Wednesday, January 30, 2019

The Con in Foxconn

Much was made by the moron Governor of Wisconsin (at the time) Scott Walker and his twin dumber, Donald Trump, of the investment by Foxconn to build a manufacturing plant and hire thousands of workers!  Right. Play Tennis anyone?  Game. Set. Match

The tax incentives were the HUGEST in history and much maligned as the most EXPENSIVE to taxpayers in history.   Now the hysteria over Amazon showed what lengths many communities would go to to have Amazon build HQ2 in their region.  Some where made public and some like those in  Tennessee were not.  We have no idea what the State offered to Bezos, maybe a blow job by the former Slattern Mayor as a perk but at this point we know only of the City promises which have been also under fire for their largess while the city struggles with a budget crunch. But this is not about people as this is about corporations and they are people too!

So now it appears that the big wet dreams of the future will not be happening. Not that this is new but it is newsworthy. Foxconn has a long history of the long con then add the current climate of trade wars, arrests and accusations about industrial espionage and the like by one of China's largest companies only add fuel to this fire of burning hell or of the climate, same diff.  Today the moron Trump opined that the negative degrees in Wisconsin made him wonder what happened to Global Warming.  YIKES!

Well Wisconsin double burn with no Packers in the Super Bowl and the weather this is more cold comfort.    Nashville its cold outside baby and well Amazon is a long way from letting you score.  Briley can always offer a hand job.  Those Welfare Queens are such demanding lying bitches.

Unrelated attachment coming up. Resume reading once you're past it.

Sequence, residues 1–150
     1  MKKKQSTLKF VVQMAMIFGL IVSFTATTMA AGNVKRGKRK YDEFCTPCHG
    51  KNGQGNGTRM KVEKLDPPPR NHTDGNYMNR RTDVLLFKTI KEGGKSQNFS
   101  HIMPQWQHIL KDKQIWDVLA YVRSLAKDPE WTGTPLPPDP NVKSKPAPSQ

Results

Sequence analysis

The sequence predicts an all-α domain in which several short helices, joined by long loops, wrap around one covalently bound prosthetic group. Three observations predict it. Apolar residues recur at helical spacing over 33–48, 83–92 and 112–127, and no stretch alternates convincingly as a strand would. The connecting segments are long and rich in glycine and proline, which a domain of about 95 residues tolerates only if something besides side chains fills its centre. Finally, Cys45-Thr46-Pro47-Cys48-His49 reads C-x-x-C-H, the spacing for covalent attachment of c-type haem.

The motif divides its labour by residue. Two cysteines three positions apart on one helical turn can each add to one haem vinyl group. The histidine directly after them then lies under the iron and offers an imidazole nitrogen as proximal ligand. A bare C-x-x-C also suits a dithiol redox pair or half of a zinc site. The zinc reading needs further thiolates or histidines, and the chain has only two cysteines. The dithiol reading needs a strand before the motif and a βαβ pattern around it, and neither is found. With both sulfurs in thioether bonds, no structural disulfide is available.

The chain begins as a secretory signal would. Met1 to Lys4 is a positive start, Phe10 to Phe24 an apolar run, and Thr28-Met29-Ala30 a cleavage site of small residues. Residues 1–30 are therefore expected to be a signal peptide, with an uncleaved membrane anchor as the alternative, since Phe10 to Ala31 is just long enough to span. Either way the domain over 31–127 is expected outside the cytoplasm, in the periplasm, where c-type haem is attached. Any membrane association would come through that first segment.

This must be all the winning Trump keeps talking about as clearly his definition of winning is not like mine but then again nothing he says makes any sense.  Well so this is not a Grand Slam. 

Exclusive: Foxconn reconsidering plans to make LCD panels at Wisconsin plant
Jess Macy Yu, Karl Plume

(Reuters) - Foxconn Technology Group is reconsidering plans to make advanced liquid crystal display panels at a $10 billion Wisconsin campus, and said it intends to hire mostly engineers and researchers rather than the manufacturing workforce the project originally promised.
FILE PHOTO: A shovel and FoxConn logo are seen before the arrival of U.S. President Donald Trump as he participates in the Foxconn Technology Group groundbreaking ceremony for its LCD manufacturing campus, in Mount Pleasant, Wisconsin, U.S., June 28, 2018. REUTERS/Darren Hauck

Announced at a White House ceremony in 2017, the 20-million square foot campus marked the largest greenfield investment by a foreign-based company in U.S. history and was praised by President Donald Trump as proof of his ability to revive American manufacturing.

Foxconn, which received controversial state and local incentives for the project, initially planned to manufacture advanced large screen displays for TVs and other consumer and professional products at the facility, which is under construction. It later said it would build smaller LCD screens instead.